We had gathered at Lina's house to watch the greatest race of the century -
Michael Phelps versus Cavic in the 100-meter butterfly. It was to us the
greatest event in the Beijing Olympics 2008 as we were all in the school
swimming team, our forte - the butterfly stroke.
Half of us were for Cavic, the other half, Phelps. Me - my hero of course. One
who is courageous, persistent, not one to cave in
under pressure. Being tall and good-looking is a plus point of course.
like Phleps will not be getting his seventh medal, I muttered to Dayang as I
chomped on my popcorn. Phelps was the seventh slowest of eight swimmers.
'I told you, Rajamoni continued happily, 'that man is not a machine. 50
meters mark. How can he...'
'Be quiet. Look, he's picking up! He has another 50 meters more to go.
'Come on Cavic; yelled June. `Come on man. You can do it.
'Look at Phelps! Gosh, he's pushing himself so furiously!'
We started shouting to encourage our heroes. My admiration for Phelps grew.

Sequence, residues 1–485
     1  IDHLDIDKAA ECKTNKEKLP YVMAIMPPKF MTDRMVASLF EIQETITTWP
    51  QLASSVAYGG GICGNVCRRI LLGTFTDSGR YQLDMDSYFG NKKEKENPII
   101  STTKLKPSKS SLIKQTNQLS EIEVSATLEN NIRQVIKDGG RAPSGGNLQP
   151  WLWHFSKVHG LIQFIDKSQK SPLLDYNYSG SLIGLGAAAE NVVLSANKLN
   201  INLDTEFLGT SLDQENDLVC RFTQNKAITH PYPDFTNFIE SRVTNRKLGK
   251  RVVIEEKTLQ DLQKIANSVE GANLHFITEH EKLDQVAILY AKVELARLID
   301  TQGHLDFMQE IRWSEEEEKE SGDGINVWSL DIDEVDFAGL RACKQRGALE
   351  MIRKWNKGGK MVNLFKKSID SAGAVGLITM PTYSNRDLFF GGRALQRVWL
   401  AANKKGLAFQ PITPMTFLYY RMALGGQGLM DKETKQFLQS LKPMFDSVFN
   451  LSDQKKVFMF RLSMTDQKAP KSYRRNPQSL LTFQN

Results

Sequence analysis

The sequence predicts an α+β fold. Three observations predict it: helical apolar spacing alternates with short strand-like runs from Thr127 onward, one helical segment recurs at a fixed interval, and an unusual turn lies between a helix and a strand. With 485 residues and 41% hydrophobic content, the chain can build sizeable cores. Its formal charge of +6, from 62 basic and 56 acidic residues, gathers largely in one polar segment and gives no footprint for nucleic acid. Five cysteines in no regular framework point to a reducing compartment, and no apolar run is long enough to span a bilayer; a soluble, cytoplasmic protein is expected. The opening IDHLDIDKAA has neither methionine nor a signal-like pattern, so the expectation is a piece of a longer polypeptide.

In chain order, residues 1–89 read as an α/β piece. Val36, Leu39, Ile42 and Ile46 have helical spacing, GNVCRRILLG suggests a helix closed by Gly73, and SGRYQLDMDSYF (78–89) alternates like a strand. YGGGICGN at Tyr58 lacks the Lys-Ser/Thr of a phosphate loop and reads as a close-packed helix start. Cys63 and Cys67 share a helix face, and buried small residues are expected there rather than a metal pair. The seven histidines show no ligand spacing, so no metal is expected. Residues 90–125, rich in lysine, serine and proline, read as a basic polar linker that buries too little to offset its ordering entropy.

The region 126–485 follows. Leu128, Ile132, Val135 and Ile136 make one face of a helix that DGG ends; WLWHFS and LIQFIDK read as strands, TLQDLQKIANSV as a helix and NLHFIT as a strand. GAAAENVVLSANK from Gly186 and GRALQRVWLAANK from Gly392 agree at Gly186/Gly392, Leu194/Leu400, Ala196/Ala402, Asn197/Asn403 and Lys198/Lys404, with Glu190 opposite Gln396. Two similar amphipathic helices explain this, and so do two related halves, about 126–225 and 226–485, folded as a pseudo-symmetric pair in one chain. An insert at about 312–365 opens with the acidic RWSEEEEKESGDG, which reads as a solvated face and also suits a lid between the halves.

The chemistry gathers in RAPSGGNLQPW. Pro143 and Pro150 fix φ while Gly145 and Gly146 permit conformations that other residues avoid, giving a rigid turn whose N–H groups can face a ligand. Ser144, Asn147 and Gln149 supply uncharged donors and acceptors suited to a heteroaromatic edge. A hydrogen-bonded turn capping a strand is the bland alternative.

He had not given up. It was a race to the last. It was unbelievable. They were
abreast. The crowd in the National Aquatic
Centre started shouting 'Phelps! Phelps! Phelps!'
'Phelps! Phelps!' I yelled. Cavic lunged for the wall underwater. Phelps
swung his arms and seemed to be making a half stroke. 'Phelps touched first!' I
We saw both swimmers spin around and stare at the video screen. There was a
minute of palpable tension as the electronic
numbers rolled. There was one second of absolute silence at the Centre and in
the room. My heart was racing and thumping so hard. The results flashed across
Phelps had won by 0.01 second at 50.58 seconds! He did the impossible! I
danced round the room, pounded the table and jumped for joy. I screamed and
screamed. What a feat! He had won by a hair's breadth. A fingertip.
That man is a machine. Look at the breadth of his chest and the length of his
arms. The greatest of swimmers. The one without parallel. My hero.